Cécile Bishop – The Truth about Amin: History and Fiction in Filmic Portrayals of Idi Amin

 

Event Date: 26 November 2013
IN243
International Building
Royal Holloway University of London
Egham, Surrey
TW200EX

TRAUMA, FICTION, HISTORY
seminar series

School of Modern Languages, Literatures and Cultures presents:

Dr Cécile Bishop – “The Truth about Amin”: History and Fiction in Filmic Portrayals of Idi Amin

In an interview about his 2009 book on post-Amin Uganda, The Teeth May Smile but the Heart Does Not Forget, Andrew Rice declared to the New York Times: ‘If one historical figure could be said to embody the continent as it is stereotypically imagined — dark, dangerous, atavistic and charged with sexual magnetism — it would be Idi Amin Dada’. This remark encapsulates one of the key challenges raised by the representation of postcolonial dictatorships in Africa: the difficulty of offering a description of these regimes that would avoid reproducing colonial stereotypes about the continent.

This paper examines three films about Uganda dictator Idi Amin:  Général Idi Amin Dada: Autoportrait (1974), by Franco-Swiss documentarist Barbet Schroeder, the British drama The Last King of Scotland (2006) by Kevin MacDonald, and the ‘exploitation’ film The Rise and Fall of Idi Amin by Kenyan director Sharad Patel (1981). Focusing on the articulation of fiction and history in these works, the discussion will explore the political and ethical issues raised by the potential recuperation of postcolonial African realities as sensational topics for filmmakers. However, it will show that any such discussion needs to address the following paradox: although ethical/political responsibilities are often set in opposition to notions such as ‘aestheticization’ in representations of violent or traumatic political realities, those are in fact deeply entangled in contingent aesthetic and generic conventions.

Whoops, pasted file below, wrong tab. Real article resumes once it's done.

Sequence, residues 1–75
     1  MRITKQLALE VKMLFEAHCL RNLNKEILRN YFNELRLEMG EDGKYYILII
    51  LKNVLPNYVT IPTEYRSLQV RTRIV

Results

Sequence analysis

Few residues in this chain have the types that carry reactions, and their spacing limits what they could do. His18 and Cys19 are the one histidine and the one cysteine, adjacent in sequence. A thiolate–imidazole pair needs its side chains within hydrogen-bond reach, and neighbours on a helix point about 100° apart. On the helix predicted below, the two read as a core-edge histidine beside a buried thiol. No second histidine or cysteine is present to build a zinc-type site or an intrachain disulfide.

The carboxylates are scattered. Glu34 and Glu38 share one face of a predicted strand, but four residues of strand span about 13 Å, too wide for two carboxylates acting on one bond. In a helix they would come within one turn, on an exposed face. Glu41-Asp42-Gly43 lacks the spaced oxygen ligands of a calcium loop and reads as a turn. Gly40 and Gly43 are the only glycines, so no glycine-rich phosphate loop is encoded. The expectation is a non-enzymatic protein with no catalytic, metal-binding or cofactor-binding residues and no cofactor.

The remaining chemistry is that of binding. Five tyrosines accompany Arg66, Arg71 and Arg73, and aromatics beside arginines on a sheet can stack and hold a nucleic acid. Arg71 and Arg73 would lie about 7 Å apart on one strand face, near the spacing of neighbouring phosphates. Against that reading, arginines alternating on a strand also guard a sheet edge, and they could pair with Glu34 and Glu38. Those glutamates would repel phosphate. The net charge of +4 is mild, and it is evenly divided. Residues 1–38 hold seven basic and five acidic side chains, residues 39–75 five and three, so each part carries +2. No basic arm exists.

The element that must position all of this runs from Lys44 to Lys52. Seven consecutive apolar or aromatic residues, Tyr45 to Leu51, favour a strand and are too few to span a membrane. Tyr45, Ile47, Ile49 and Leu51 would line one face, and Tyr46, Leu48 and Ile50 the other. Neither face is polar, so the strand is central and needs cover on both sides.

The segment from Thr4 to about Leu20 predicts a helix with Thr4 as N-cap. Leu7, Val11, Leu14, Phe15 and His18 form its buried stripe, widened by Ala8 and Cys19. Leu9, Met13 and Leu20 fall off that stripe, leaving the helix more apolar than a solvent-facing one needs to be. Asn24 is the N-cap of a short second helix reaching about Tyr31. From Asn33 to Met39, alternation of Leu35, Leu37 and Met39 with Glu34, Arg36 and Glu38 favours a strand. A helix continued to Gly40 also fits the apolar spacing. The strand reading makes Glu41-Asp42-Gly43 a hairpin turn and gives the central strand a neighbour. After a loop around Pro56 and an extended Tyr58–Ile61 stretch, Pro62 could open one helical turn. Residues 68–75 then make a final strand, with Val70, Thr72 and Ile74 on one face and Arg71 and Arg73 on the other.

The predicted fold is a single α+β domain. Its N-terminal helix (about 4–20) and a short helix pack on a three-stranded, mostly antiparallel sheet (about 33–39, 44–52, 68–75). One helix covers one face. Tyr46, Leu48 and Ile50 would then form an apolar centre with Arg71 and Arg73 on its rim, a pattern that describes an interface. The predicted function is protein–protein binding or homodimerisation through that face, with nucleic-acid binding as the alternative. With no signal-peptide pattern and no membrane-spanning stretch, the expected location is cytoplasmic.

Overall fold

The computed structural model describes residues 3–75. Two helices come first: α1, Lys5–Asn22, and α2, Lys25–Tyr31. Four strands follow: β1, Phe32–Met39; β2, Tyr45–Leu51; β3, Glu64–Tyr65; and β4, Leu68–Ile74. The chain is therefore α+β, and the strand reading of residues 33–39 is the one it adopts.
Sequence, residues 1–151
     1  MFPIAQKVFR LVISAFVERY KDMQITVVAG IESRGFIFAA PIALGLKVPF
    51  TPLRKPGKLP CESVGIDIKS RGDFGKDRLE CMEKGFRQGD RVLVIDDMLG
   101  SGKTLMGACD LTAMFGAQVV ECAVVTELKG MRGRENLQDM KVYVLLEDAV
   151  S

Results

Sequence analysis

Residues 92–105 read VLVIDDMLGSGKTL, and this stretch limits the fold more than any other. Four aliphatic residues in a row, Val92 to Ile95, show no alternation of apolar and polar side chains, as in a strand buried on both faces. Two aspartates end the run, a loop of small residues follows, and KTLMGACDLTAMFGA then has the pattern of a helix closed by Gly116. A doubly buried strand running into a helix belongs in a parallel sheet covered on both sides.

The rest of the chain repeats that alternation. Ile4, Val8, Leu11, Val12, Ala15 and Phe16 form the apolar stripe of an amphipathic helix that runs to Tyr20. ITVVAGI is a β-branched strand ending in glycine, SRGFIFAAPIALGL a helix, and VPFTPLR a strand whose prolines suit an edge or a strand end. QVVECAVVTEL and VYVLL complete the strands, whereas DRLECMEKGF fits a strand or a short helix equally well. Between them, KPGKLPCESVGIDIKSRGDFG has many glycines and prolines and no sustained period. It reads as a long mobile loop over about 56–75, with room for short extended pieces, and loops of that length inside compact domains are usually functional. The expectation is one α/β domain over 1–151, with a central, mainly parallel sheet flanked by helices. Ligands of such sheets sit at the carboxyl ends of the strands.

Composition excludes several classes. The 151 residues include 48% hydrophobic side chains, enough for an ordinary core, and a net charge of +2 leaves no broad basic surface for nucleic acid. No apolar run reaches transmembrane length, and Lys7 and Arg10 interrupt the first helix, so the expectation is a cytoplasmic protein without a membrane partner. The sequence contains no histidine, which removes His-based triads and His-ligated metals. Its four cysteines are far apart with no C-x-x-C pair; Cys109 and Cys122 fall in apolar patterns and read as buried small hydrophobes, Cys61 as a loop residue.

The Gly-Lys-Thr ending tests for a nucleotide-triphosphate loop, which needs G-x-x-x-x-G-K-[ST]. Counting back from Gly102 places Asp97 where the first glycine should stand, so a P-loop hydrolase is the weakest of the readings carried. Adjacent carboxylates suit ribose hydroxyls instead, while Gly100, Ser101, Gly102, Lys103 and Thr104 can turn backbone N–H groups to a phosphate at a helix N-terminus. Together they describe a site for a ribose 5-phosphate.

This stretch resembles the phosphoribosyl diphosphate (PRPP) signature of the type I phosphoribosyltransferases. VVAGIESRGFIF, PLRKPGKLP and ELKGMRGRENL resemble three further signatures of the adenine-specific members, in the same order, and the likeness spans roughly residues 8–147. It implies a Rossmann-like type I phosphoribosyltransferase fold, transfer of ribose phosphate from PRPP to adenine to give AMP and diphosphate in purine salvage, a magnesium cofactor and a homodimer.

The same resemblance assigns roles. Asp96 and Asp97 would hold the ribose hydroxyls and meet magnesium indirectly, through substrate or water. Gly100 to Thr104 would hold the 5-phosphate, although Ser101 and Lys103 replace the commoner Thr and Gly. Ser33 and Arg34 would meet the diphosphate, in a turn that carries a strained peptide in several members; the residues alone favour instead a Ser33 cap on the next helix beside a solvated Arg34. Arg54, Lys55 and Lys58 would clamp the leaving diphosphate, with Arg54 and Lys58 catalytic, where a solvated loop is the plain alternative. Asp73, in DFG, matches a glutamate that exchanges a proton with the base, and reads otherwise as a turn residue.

Introduction by Professor Colin Davis (RHUL):

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